In ways little and huge, it is clear that we live in a nation, a culture and a society that is terminally ill.
The latest outrage — the execution of a Mexican convicted in Texas of the brutal slaying of a 16-year-old girl in blatant violation of a universally adopted international treaty that requires that as a foreigner he be able to notify his home country’s consulate of his case — is evidence of this sickness, which appears to have both physical and mental aspects.
As a journalist I have traveled widely in the world, often in police states like China or Laos, and I have always been confident that if I ran afoul of those police, at least I could count on the fact that the authorities would be legally bound to notify my embassy, so that I could get international attention and, hopefully, legal assistance.
This point was made, belatedly and not particularly assertively, by the White House in the case of death-row inmate Humberto Leal Garcia Jr. in Texas, but the politically ambitious governor of Texas, Rick Perry, who is contemplating a run for the Republican presidential nomination, figured killing Garcia was a good career move, and he just ignored the president. The Supreme Court, meanwhile, declined to intervene, claiming, absurdly, that it hasn’t got the power to order a state government to halt an execution.
That’s just pathetic–the kind of illogic you expect from the likes of Antonin Scalia. The Constitution clearly states that only the federal government can negotiate and sign international treaties, and that once a treaty is signed and voted on by the Senate it is the law of the land, ergo the Vienna Convention on Diplomatic Relations is the law of the land. The state of Texas is in violation of that treaty, having arrested, tried, convicted and today executed Garcia without notifying his consulate of these actions. Clearly the state broke the law of the land, and the federal authorities had the right to call a halt to this atrocity. Yet none of the three branches of the government acted–a shameful ducking of responsibility to uphold the law. This means that any American who travels abroad, anywhere (and especially in Mexico), is at grave risk of being caught up in a dangerous legal situation, with the foreign government under no obligation to notify US authorities. (I’d sure think twice about traveling to Mexico now if I were a Texan!)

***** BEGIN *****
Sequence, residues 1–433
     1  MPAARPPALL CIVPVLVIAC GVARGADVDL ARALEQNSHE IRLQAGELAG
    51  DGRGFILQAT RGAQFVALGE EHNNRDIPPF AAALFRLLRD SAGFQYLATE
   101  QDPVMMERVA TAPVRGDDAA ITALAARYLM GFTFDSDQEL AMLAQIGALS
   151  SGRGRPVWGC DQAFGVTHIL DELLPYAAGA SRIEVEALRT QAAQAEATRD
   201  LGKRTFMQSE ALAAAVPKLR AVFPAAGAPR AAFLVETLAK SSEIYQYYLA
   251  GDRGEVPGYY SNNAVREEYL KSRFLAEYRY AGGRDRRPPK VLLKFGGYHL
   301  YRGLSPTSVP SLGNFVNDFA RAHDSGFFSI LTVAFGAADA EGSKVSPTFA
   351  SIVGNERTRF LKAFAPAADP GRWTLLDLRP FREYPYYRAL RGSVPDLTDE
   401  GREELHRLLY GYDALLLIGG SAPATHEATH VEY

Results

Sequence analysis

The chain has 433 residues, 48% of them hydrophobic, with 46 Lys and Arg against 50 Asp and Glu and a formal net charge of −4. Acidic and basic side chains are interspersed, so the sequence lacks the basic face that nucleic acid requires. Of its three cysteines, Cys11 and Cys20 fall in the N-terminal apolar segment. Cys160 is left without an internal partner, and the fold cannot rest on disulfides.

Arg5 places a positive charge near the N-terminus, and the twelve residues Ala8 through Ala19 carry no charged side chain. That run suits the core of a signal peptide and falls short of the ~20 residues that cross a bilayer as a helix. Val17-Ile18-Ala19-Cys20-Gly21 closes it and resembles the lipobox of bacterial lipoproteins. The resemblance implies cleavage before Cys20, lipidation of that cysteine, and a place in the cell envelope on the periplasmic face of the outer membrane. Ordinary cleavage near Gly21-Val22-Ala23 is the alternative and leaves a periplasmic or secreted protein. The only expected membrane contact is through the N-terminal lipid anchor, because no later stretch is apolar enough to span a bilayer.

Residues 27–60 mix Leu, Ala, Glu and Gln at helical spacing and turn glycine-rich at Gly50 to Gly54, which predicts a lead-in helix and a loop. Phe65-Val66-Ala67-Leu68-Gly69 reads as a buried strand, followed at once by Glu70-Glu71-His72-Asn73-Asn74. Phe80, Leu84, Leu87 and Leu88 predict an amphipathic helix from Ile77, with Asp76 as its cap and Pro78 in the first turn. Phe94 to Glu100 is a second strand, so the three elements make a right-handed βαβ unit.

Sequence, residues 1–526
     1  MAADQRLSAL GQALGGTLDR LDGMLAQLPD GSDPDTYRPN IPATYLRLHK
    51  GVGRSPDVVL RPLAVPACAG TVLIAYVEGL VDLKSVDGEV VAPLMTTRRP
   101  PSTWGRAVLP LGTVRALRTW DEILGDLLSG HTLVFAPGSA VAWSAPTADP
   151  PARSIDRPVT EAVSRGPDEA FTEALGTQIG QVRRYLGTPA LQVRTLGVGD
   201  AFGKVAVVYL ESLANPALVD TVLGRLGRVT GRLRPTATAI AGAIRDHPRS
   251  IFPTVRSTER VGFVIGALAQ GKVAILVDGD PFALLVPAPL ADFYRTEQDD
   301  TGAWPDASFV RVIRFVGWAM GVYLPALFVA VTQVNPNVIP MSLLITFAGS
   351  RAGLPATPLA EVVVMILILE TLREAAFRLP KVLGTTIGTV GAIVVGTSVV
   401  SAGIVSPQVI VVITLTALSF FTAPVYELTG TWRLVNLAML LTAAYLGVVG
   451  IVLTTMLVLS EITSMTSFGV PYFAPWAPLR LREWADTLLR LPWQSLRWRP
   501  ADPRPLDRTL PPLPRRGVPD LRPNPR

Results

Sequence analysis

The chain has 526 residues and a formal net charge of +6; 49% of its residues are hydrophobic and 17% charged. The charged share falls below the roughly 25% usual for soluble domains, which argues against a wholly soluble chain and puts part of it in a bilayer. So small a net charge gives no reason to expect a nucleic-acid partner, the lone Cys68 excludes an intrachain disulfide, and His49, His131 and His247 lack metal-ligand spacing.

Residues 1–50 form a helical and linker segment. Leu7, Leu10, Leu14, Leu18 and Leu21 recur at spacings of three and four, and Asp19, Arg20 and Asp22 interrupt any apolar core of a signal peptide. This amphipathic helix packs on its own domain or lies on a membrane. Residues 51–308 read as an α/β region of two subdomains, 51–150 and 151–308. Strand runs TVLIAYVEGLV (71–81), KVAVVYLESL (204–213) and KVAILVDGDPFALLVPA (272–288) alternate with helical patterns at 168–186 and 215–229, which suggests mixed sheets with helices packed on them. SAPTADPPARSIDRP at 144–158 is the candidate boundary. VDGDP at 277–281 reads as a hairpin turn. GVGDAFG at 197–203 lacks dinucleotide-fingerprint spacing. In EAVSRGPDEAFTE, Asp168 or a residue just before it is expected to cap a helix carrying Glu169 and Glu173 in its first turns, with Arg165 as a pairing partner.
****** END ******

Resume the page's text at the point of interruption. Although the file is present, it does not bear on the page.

Then look at the Casey Anthony case. The woman, just acquitted by a Florida jury in a capital murder case where she was charged with murdering her daughter, never should have faced first-degree murder charges in the first place. Criminal neglect maybe, but not murder. The prosecutors had no evidence–not only of how the child had died, but that would have linked Anthony to the body. But this is America. Prosecutors want big trophies that are to be won in big media trials, and this one was a classic of the genre. The media piled on, ghoulish crime stalkers camped outside the courthouse trying to get a seat at the witch trial. Everyone outside the jury box was convinced she was guilty, guilty, guilty. And she walked. Why? Because in the one redeeming chapter in this sick saga, the jurors did their duty, and decided, in relatively short order, that the prosecution’s case was shot full of holes, and they could not say with a straight face that Anthony’s guilt had been proven “beyond a reasonable doubt.”